Just this past week I read this. “What do you do in times of tragedy? Look for the light!” I was actually reading a story about that on FaceBook as I was writing this! (Coincidence?) It was a story about a woman who had lost a very dear Aunt to tragedy – murder, actually! And the woman responded by “looking for the light,” and by giving light to others! In her case, she did that by going around on a her bicycle with a cooler on the front, giving out free ice cream. (This is where I wish we had PowerPoint and we could blow videos up on a screen!) Now I know ice cream may sound a bit trivial, but maybe not! Because as this woman responded by giving light to others, and they responded, too! People gave her money to give ice cream to others. And a whole movement developed around this! In a time of intense darkness, she found a way to look for the light!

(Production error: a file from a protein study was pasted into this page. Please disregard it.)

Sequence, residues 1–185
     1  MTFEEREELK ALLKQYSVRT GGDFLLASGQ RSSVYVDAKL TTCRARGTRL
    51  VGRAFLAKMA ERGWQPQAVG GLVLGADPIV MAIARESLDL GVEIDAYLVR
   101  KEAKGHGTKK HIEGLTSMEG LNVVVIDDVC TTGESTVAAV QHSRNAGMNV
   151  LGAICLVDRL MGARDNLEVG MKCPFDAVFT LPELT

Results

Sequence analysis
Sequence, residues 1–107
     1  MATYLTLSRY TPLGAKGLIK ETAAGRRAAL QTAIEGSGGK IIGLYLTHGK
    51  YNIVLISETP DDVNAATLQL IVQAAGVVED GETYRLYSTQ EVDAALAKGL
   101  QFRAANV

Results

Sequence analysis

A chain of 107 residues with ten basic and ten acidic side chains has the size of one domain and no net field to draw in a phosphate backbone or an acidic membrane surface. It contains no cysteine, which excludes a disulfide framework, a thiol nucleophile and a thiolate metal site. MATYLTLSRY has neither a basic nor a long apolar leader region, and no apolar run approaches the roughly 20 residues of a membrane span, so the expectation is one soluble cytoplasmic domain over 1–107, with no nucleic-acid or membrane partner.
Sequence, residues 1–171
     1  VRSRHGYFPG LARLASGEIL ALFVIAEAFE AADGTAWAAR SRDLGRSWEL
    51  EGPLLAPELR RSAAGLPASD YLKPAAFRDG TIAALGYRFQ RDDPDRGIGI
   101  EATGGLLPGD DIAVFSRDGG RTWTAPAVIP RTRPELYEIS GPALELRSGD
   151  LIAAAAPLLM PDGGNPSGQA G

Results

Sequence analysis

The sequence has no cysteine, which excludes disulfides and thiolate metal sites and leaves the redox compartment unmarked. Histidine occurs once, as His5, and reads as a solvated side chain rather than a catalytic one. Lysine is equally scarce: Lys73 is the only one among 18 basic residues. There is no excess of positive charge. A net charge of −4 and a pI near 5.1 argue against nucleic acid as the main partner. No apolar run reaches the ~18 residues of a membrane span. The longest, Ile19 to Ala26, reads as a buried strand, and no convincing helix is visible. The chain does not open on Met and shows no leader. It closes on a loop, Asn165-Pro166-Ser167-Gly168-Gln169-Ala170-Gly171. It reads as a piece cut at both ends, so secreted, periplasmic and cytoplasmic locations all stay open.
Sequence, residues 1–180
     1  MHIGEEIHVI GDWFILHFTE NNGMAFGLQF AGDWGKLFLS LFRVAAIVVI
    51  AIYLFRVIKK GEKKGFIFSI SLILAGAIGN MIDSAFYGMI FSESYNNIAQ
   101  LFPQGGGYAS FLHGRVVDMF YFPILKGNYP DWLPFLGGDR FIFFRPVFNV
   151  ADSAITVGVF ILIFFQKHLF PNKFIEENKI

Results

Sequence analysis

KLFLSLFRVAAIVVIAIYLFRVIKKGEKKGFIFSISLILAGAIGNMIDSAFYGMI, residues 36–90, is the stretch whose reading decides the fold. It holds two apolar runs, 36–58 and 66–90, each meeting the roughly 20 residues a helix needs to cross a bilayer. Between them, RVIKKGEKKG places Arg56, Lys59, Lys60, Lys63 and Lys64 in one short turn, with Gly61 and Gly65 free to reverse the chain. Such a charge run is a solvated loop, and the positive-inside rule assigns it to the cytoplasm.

So, how do we“look for the light?” And how do we show the light to others? In other words, how do we “Let our light so shine before men?” as Jesus put it. I grew up reading the “Peanuts” comics. How about you? Maybe you remember the one where Snoopy was sitting in the rain, looking soggy and dejected, and Charlie Brown and Linus saw him. And they said, “We should go do something for him.” So they walked up to Snoopy and said, “Be of good cheer, Snoopy.” And then they walked away. And Snoopy’s thought bubble just had a question mark. As if to say, “Really? That’s helping?”